Friday, October 29, 2010

Song for a Lark

Next up on my reading list is Willa Cather's Song for a Lark. I have been doing a little background research and found a couple of great sources of info on Cather. The Willa Cather Archive has many (if not all) of her works available online, with textual analysis on many of them. 

HL Mencken reviewed, and loved, Willa Cather--though I am still trying to find where his review of Song of the Lark is located. 

Evidently, this piece appeared first in the Chicago News and was reprinted in the Baltimore Sun on June 29, 1921 (a month or so after Sinclair Lewis's praise of Cather).

Blithe Mencken he sat on his Baltimore stoop,
Singing "Willa, git Willa! git Willa!"
The red-headed Lewis joined in with a whoop,
Singing, "Willa, read Willa! read Willa!"
They woke every bird from the Bronx to the Loop
Singing "Willa, git Willa! git Willa!"
So we, willy nilly, got Willa and read
And Willa proved all that the booster birds said.

Penguin Books published this list of Reading Guide Questions for Song of the Lark:
DISCUSSION QUESTIONS
  1. What is Cather's message about beginnings and separations? How do these facets shape the life of an individual? Is Thea's separation from her family and primary environment necessary for promoting her growth as an individual or was she simply destined to be different? Does Cather imply by the later lives of the Moonstone people that severing ties is a positive or negative experience?
     
  2. Some critics have characterized Thea as indulgent and self-centered. Is this a fair assessment of the character?
     
  3. Compare the marriages of Dr. Archie and Fred Ottenburg. Is there a common thread between these two men? In what way are they both strivers?
     
  4. What is the significance of Aunt Tillie in the novel? Why did Cather include this character?
     
  5. Why is romance so difficult for Thea? Is Cather at all critical about the artist's renouncing of romantic love? What price is paid for Thea's success? Does Thea nurse any regrets?
     
  6. Does the town's treatment of the "tramp" reflect on their morality or their fear? What does the tramp's spiteful act say about the inherent nature of man?
     
  7. When Thea refuses Fred's monetary assistance with her trip to Germany, she is obviously hurt by his revelation. She elects to borrow money from Dr. Archie because taking money from Fred would make her feel like she was being "kept." Is this her true motivation or is it an act of retribution against Fred for misleading her?
     
  8. Discuss the complexities of Dr. Archie's love for Thea. Why does it never blossom to romance when she is old enough and Dr. Archie is free? Does Thea perceive him as too much of a father figure for this ever to occur?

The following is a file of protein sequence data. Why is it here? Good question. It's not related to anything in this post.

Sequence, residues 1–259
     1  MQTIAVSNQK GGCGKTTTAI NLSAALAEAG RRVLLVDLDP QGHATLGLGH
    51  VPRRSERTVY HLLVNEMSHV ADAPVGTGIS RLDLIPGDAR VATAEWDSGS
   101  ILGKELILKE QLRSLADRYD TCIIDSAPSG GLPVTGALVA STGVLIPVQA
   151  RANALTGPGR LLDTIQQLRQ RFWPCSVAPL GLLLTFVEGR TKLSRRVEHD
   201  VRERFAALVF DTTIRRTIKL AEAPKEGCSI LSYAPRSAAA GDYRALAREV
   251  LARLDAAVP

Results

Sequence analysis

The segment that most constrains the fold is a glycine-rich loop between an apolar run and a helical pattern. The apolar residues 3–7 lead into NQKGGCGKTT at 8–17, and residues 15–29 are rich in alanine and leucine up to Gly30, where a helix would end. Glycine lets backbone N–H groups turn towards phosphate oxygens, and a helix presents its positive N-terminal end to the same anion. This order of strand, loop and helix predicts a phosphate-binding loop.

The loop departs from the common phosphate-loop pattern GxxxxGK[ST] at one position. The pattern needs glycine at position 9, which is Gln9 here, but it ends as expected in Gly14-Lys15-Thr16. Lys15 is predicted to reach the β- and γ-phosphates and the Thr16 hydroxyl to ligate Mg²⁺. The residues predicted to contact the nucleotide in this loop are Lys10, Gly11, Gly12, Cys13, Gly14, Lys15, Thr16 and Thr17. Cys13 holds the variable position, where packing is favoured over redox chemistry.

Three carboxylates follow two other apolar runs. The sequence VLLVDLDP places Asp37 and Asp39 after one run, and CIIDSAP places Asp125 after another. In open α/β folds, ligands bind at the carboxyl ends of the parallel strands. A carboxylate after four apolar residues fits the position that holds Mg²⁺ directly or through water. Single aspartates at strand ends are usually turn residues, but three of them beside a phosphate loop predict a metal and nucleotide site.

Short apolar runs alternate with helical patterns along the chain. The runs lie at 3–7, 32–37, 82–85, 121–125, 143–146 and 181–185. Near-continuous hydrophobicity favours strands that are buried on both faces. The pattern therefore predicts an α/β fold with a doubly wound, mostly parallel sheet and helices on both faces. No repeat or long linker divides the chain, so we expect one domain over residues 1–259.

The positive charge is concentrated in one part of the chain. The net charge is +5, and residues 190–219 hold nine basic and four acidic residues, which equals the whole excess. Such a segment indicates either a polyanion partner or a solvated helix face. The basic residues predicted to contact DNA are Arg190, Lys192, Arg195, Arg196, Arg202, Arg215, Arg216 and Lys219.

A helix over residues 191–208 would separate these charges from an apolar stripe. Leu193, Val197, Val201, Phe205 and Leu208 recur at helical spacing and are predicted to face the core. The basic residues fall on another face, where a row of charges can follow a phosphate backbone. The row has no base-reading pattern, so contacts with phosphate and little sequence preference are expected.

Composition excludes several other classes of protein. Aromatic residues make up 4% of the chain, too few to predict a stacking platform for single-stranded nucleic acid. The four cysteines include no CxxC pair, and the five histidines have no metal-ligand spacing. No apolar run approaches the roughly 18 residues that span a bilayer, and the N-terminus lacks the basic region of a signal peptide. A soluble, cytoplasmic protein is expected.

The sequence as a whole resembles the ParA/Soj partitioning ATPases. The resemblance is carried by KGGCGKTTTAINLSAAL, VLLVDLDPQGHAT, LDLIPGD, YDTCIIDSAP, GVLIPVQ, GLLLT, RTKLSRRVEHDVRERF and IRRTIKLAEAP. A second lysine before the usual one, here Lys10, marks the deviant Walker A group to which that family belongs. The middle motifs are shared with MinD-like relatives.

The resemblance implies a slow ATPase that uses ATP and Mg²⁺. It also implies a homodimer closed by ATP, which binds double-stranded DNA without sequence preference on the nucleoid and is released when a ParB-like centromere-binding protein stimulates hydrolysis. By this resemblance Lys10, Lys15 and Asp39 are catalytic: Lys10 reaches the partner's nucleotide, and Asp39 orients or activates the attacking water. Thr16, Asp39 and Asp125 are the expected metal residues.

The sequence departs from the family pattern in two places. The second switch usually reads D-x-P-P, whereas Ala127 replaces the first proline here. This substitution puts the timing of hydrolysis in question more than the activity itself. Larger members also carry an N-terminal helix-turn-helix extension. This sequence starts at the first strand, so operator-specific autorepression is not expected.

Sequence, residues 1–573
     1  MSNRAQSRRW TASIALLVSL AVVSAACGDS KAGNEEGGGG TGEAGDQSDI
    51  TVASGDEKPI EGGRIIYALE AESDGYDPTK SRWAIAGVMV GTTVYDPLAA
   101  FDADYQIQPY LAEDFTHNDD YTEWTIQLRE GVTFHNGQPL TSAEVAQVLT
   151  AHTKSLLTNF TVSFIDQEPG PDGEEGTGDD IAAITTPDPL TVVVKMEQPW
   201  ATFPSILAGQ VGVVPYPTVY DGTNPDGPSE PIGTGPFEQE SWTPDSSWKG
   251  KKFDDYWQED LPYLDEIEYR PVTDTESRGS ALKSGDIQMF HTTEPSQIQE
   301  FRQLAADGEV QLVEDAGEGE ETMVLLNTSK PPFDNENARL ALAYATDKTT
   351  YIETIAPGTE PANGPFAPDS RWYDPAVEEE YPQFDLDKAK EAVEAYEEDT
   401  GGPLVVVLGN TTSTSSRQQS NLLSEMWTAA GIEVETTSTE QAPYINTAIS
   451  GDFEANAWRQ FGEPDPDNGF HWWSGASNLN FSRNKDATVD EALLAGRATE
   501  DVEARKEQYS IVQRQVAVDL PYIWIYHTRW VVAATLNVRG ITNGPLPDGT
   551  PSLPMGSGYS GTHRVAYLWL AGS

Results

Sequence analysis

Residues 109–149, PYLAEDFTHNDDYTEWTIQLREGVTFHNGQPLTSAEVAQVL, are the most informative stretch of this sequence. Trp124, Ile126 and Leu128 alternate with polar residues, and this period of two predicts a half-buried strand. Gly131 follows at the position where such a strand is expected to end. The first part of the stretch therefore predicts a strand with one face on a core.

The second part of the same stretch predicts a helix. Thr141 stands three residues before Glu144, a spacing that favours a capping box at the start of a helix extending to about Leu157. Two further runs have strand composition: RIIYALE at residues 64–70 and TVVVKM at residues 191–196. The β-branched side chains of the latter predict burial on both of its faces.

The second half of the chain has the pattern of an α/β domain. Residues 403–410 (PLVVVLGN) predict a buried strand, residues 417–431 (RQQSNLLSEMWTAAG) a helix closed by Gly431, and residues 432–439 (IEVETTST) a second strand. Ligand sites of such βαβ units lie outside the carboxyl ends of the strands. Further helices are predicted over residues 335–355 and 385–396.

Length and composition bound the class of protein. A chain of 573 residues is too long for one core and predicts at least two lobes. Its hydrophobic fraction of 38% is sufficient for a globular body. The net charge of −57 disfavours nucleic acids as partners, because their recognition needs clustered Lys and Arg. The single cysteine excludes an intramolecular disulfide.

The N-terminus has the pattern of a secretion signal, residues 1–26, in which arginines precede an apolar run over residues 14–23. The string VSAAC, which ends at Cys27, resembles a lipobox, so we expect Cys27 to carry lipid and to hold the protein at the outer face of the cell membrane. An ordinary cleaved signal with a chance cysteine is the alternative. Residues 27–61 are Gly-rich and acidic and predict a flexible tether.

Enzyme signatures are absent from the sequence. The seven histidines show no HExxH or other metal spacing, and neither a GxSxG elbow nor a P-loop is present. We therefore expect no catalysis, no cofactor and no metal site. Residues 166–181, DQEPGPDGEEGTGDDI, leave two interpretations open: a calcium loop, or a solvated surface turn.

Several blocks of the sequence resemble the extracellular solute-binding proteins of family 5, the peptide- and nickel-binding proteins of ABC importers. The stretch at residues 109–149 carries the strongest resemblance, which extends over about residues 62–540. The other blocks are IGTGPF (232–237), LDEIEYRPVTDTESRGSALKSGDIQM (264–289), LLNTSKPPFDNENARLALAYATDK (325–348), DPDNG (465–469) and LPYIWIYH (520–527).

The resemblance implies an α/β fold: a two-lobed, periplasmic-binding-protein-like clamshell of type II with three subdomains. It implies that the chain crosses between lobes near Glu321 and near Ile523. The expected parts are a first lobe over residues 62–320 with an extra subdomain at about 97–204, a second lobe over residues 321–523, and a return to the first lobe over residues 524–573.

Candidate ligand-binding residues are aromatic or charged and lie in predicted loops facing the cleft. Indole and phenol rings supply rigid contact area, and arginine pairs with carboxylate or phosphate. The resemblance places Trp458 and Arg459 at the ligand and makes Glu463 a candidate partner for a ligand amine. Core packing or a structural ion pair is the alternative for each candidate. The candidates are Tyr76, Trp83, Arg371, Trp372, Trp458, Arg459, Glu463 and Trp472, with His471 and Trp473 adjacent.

9. Towards the end of the novel Spanish Johnny reappears, moved to tears by Thea's success. As she leaves the theater he sees her but does not step forward or call to her. He seems to keep his "place." What does this convey about the climate of the country at that time and the characters' own feelings on race, class and propriety?



Textual Note:
Incidentally, there are two very different versions of "Song of the Lark" available. Most editions reprint the 1915 text, since it is in the public domain. This earlier version is far more detailed and, some have argued, overwritten; her British publisher complained that she "told everything about everyone." For the 1932 Autograph Edition, Cather revised the book substantially, cutting it by seven thousand words and streamlining the overall text. Descriptive passages were pared; Thea's and Fred Ottenburg's roles were altered; and style, opinion, and matters of taste were polished and modernized. This version is still under copyright restriction, and I believe it is available only in the Mariner Books (Houghton Mifflin) edition. The original version is regarded by many readers and scholars as better (and certainly truer to Cather's original intent); this is the book that Mencken praised for its "sharp bits of observation, sly touches of humor, [and] gestures of that gentle pity which is the fruit of understanding."

1 comment:

Bark Savage said...

H.L Mencken on American Literature is the title of the book containing his essay on Song of the Lark.

http://www.bookfinder.com/search/?ac=sl&st=sl&qi=8YE8EZZKQFr3m8WAipuB72I2ii0_4533212573_1:8:234&bq=author%3Dh%2E%2520l%2E%2520mencken%26title%3Dh%2520l%2520mencken%2520on